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Dec. 3, 2022

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GOP representatives focus on improving I-5 corridor

Southwest Washington Republicans tell The Columbian editorial board it's their top transportation priority

By , Columbian Political Writer

When it comes to transportation, Southwest Washington Republicans serving in the statehouse said their top priority is fixing the Interstate 5 corridor.

In a wide-ranging interview with The Columbian’s editorial board Thursday, the region’s Republican representatives were asked to rank the level of importance between improving the I-5 corridor, building a west-county bridge over the Columbia River, or building an east-county bridge over the river.

The local Republicans presented a unified answer.

“My priority is … fixing the I-5 corridor,” said Rep. Liz Pike, R-Camas, who championed a measure in the state Legislature that attempted to renew work between Oregon and Washington lawmakers to address the Interstate 5 Bridge.

The measure fizzled, but Pike said she will try again in the next legislative session. Southwest Washington’s representatives signed on to the measure, but many said a lack of support in the Senate killed the bill.

Pike said she recently met with Republican Sen. Curtis King, who chairs the Senate Transportation Committee, and asked him how she could improve the measure so it garners support in the upper chamber.

“He said, ‘Liz, I wouldn’t change a thing. It’s perfect. It’s a great idea,’ ” Pike told the editorial board. She said she hopes he leads the charge in pushing the measure in the Senate next session.

House Bill 2414 would have carved out $100,000 to create a work group of lawmakers from both sides of the river to discuss how to reduce congestion over the Columbia River.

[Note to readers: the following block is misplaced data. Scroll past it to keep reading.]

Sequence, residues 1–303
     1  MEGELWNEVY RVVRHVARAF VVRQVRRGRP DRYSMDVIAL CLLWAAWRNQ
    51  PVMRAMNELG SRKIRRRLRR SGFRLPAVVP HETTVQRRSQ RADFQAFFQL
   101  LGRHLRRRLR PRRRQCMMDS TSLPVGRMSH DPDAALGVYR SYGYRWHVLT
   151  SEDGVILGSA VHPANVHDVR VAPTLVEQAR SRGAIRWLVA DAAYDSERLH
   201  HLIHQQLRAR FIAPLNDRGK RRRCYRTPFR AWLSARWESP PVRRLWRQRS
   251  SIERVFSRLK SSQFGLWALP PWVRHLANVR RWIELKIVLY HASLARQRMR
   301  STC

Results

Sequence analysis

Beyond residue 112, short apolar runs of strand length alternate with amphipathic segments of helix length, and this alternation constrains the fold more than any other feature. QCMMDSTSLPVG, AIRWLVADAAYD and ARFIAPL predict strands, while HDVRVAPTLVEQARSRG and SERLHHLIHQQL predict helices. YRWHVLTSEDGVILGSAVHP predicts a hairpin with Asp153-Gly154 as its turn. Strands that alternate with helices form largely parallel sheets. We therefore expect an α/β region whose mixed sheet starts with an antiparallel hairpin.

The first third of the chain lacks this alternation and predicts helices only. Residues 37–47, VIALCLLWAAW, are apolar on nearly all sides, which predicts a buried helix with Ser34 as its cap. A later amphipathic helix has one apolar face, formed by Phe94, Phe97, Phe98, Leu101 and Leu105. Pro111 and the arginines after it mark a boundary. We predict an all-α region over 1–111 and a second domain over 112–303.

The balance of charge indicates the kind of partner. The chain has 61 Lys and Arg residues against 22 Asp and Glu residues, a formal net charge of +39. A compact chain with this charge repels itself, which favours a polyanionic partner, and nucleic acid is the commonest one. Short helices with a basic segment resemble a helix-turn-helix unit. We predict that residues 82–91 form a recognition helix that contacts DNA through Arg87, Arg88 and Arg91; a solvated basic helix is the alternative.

It became clear this session, three years after the Washington Legislature voted to kill the Columbia River Crossing project, that any conversation about possible crossings or upgrades remains contentious. Pike also said it’s possible that the $100,000 isn’t necessary, and she plans to continue to meet with lawmakers on both sides of the river to try to build consensus despite the measure’s demise.

Earlier this legislative session, Clark County Councilor David Madore said the bill could allow for the discussion of multiple crossings over the Columbia River. Madore is a vocal advocate of the no-toll east county bridge idea he has proposed. At the time, Pike said it was possible a bistate bridge coalition could discuss a variety of crossings over the Columbia. But she made it clear Thursday that the Interstate 5 corridor is her top priority.

During the editorial board meeting, Reps. Paul Harris, R-Vancouver, Lynda Wilson, R-Vancouver, and Brandon Vick, R-Felida, also said improving the I-5 corridor was a higher priority than building a new bridge west or east of the I-5 Bridge.

All four representatives also touched on the ongoing budget negotiations in Olympia and how next year the state will need to address fully funding education.

They said they would support whoever wins their party’s presidential nomination and gave credit to Donald Trump for activating a broader base and fostering a vibrant conversation.

Briefly delving into county politics, Pike said she was hoping that with the new Clark County council, “there would be a lot more civility.”

Wilson said that after working with Councilor Madore on an issue, she was spurred to share one of her favorite proverbs with him: “If you want to go fast, go alone. If you want to go far, go together.”

“You have to work together, and what I see here in this particular element is that there is a whole lot of going it alone,” Wilson said. “And you have to have buy-in, you have to have people owning the issues in order to go anywhere and to get to the best answer, the best result, for the people, right? Ultimately, that’s what we’re after is the best result for Clark County.”

Columbian Political Writer